Crossing Gender, Fantasizing Bodies

Crossing Gender, Fantasizing Bodies

Transgender Studies Quarterly
Volume 2, Number 4, November 2015
pages 717-719
DOI: 10.1215/23289252-3151664

Michael Davidson, Professor Emeritus of American Literature; Distinguished Professor
University of California, San Diego

Fantasies of Identification: Disability, Gender, Race. Ellen Samuels. New York: New York University Press, 2014. 263 pp.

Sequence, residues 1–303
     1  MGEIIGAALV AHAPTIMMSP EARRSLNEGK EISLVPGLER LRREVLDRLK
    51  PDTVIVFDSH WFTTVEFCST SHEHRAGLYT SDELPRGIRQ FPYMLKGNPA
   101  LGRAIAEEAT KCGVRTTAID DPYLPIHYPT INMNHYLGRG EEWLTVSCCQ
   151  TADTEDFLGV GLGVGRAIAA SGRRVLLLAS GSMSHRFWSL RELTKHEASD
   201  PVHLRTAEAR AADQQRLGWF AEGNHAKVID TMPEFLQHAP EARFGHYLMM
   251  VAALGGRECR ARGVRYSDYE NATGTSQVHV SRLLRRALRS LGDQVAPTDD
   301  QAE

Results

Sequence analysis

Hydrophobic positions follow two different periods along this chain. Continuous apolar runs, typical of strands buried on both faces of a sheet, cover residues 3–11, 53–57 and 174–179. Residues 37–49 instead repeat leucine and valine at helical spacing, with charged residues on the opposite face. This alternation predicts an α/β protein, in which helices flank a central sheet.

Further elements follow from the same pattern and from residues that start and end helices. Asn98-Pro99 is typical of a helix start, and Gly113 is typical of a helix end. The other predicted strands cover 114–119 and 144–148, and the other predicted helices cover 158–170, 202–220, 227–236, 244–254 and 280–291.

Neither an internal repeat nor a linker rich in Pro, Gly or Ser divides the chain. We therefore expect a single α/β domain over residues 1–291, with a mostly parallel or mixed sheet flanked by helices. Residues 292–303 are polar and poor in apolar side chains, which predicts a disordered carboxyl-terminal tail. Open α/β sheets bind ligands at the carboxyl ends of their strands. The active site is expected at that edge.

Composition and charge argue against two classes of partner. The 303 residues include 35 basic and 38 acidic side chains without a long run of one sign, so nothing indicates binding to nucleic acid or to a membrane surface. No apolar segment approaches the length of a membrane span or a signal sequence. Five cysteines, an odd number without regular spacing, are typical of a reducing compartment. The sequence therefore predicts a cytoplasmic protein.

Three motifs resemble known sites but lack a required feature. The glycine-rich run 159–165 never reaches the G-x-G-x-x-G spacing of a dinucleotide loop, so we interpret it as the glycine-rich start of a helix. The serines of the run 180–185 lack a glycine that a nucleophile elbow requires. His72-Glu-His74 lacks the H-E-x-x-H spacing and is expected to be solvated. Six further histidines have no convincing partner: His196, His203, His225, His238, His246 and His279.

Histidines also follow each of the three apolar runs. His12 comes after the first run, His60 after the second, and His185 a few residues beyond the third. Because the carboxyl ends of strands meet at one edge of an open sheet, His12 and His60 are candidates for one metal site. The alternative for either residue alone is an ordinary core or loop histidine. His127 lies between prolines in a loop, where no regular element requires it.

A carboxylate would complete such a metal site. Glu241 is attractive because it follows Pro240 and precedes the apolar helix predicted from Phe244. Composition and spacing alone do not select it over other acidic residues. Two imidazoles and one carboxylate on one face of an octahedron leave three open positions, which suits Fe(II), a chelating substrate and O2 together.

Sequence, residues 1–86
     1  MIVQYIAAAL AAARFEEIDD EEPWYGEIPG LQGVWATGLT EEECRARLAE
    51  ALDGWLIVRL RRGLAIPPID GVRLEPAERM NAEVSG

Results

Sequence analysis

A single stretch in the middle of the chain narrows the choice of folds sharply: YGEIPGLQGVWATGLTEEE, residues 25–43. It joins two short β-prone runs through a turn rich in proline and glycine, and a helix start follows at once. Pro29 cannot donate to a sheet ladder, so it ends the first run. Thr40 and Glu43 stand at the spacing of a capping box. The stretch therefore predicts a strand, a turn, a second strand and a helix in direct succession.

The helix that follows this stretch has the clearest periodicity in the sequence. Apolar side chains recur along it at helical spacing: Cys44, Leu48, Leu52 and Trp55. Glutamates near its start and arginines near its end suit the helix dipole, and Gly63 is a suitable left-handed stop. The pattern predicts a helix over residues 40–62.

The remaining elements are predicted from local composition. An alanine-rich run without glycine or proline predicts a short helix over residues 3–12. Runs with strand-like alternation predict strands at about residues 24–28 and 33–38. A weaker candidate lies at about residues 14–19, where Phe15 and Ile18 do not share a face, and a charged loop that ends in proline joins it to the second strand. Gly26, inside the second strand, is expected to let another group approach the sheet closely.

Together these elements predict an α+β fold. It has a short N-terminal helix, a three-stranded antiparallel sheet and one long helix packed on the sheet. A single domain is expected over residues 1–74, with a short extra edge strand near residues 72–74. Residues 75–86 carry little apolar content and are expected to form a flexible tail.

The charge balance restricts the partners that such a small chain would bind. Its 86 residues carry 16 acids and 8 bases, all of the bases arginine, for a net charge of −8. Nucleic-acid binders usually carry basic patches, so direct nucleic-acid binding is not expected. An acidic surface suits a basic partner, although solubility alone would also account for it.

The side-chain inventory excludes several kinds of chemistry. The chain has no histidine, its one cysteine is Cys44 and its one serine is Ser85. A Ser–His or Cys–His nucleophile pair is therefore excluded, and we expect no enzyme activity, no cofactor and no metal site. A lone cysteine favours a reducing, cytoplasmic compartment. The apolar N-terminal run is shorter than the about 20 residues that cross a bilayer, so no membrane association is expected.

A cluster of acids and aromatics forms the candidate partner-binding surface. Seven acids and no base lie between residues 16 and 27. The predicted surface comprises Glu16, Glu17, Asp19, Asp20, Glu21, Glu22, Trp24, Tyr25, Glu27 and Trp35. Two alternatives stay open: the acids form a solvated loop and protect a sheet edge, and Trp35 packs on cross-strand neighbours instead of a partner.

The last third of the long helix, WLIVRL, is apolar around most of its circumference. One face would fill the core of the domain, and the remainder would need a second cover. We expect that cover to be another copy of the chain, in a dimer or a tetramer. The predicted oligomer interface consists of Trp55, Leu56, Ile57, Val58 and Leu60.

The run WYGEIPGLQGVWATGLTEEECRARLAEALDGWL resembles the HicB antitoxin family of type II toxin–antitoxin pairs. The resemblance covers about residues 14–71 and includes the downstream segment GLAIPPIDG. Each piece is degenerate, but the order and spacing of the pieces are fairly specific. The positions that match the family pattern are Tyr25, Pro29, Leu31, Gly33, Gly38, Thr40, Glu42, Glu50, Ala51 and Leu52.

Ellen Samuels’ Fantasies of Identification is about attempts since the mid-nineteenth century to establish legal identity on some scientific, empirical basis as part of a national, biopolitical imperative. In this regard, the book contributes to the intersection of US literary history, disability, gender, queer, and critical race studies. Samuels chronicles a range of methods that were developed to regularize identity and naturalize the belief that identity could be read on the body. Examples include finger printing, the infamous one-drop rule for persons of African descent, current DNA testing for disabilities, blood quantum rules to establish Native American tribal identity, and myriad techniques of sex testing to verify legal gender within binary frameworks. Samuels observes that every attempt to ground identity in blood, genes, or appearance founders on the unstable nature of the very categories it hopes to stabilize: race, sex, gender, and ability. This instability is often produced by the imbricated relationship among such categories, and Samuels argues that disability is an always-present modality by and against which race, class, sex, and gender are read. Certifiable identity categories are, as her title indicates, “fantasies” produced by institutions wanting to secure populations in strict categories for the purposes of juridical, economic, and cultural control. But since these protocols are fantastic—a “thing we not only imagine but desire to be true” (6)—they are also subject to deformation, appropriation, and carnivalization by the…

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